As reported by VGC, Microsoft has apparently served Sony Interactive Entertainment, meaning PlayStation, a subpoena to appear in court and "divulge details of PlayStation's game production pipeline" in the upcoming trial against the FTC. This trial shall decide the fate of Microsoft's pending acquisition of Activision Blizzard within the United States market, which is inarguably the biggest gaming market in the western world.
Microsoft first announced its intention to purchase Activision for $69 billion and acquire all of its studios and IP in January 2022, however, over the course of the year, the tech giant has faced severe pushback from regulatory institutions across the world that believe that the acquisition has the potential to harm fair market competition in the video game industry. A lot of the concern has been centered around Activision's Call of Duty, which is certifiably one of the biggest and most profitable gaming franchises in the world.
Sony and PlayStation have argued that Call of Duty is "irreplaceable," touting its sheer commercial success and how consistent said success has been over the past two decades, approximately. Though Xbox owner Microsoft has argued that Sony "exaggerates" the importance of Call of Duty, regulators, like the CMA in the UK, do believe the acquisition could hamper PlayStation's ability to compete with Xbox.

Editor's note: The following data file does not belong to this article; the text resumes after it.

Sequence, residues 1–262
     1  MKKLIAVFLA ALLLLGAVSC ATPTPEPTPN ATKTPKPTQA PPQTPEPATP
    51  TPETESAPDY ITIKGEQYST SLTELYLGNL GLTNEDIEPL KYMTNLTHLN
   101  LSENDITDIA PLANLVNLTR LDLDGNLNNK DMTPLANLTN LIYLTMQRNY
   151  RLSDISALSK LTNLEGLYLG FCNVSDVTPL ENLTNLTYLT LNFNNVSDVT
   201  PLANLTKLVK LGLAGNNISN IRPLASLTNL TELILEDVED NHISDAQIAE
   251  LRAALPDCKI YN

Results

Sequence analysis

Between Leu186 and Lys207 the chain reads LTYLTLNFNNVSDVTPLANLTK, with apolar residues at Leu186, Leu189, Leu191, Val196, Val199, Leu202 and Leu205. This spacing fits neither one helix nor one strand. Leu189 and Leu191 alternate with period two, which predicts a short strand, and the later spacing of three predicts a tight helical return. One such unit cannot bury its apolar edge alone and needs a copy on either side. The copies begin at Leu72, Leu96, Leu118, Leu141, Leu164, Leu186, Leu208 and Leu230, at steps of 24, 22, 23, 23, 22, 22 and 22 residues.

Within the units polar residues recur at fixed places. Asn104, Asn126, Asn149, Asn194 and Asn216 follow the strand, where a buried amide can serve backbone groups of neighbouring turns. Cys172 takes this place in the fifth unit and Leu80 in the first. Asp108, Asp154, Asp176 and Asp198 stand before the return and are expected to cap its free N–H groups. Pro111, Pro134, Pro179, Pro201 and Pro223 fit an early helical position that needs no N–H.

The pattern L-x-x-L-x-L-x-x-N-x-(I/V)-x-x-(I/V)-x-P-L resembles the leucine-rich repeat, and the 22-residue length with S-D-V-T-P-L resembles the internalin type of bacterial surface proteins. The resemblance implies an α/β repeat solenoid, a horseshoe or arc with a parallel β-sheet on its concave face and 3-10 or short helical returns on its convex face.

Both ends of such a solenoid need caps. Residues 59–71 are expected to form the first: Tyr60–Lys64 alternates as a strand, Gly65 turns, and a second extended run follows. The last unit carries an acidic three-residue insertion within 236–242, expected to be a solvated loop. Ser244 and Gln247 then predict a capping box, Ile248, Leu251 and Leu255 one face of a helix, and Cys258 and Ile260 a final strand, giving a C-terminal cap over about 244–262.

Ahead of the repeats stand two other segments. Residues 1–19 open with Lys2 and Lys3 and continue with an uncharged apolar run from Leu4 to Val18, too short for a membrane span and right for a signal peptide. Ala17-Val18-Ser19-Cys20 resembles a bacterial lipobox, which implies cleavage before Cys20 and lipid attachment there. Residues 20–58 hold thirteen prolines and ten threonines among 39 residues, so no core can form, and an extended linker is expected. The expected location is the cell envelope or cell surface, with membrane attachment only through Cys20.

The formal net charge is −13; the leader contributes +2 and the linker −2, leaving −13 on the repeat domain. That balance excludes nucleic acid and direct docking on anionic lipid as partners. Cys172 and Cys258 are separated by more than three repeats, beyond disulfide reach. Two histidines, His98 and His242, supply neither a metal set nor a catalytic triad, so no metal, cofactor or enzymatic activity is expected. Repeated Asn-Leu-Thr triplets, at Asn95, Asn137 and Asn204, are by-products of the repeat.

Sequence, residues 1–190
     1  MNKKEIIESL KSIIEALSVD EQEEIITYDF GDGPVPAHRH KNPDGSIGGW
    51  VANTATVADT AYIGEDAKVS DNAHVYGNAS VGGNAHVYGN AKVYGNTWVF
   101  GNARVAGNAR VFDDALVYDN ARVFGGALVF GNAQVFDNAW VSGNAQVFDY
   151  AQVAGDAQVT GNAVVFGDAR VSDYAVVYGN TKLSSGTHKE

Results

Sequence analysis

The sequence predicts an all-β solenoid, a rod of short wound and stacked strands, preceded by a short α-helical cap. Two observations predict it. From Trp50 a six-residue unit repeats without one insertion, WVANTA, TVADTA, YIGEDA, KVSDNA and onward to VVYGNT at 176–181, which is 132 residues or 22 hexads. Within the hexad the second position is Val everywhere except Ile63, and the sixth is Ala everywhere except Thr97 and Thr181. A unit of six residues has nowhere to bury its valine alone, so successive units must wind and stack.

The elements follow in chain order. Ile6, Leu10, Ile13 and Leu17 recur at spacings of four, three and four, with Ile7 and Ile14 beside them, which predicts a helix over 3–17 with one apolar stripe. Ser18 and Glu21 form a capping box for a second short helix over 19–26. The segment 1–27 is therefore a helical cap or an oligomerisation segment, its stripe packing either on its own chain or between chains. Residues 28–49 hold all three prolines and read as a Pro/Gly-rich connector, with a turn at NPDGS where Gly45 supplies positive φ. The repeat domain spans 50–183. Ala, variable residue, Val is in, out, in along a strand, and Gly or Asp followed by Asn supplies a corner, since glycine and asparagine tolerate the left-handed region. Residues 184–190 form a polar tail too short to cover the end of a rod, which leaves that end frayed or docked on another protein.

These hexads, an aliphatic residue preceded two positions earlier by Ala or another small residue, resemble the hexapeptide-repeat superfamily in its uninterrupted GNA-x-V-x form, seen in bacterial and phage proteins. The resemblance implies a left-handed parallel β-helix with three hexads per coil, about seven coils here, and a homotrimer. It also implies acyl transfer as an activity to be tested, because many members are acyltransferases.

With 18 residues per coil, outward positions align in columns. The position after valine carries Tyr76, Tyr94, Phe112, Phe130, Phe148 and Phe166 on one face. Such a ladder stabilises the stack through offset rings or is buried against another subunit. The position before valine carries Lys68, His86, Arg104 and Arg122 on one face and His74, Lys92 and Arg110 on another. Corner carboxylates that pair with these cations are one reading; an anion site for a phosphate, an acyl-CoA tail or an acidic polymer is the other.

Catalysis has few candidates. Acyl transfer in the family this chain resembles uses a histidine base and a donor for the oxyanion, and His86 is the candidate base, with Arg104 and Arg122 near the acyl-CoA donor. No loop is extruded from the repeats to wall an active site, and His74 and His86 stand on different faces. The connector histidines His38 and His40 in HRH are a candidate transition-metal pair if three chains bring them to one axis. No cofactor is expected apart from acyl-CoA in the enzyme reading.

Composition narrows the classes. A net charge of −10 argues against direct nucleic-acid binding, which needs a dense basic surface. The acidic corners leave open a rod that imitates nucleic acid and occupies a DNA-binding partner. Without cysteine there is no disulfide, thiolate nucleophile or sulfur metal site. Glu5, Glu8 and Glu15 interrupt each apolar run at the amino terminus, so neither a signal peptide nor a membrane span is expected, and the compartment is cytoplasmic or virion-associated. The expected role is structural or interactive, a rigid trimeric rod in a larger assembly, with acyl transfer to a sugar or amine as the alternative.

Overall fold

In an attempt to placate regulators, Microsoft has committed to signing a deal with Sony in which Call of Duty would not be an Xbox exclusive for at least ten years. They even agreed to allow Call of Duty on PlayStation Plus (PlayStation's subscription service), though the details of this commitment are unclear.
Microsoft continues to argue that PlayStation has long engaged in creating and purchasing exclusive content for its platform, so Xbox shouldn't be penalized for doing the same. Therefore, it appears as though Microsoft believes that having PlayStation reveal its production pipeline would benefit its case. This has undoubtedly placed Sony in a tough position, as such a request could have PlayStation reveal documents that contain information about future and past PlayStation projects, which fans aren't privy to, much like what happened with the Epic Games and Apple case.
As per VGC, Sony has until January 27 to respond to the subpoena. PlayStation is technically not legally bound to appear in court, however, if the judge considers its appearance relevant to the case and finds its reasons to quash the subpoena insufficient, then it may be forced to provide some necessary documentation or face fines and/or other penalties.
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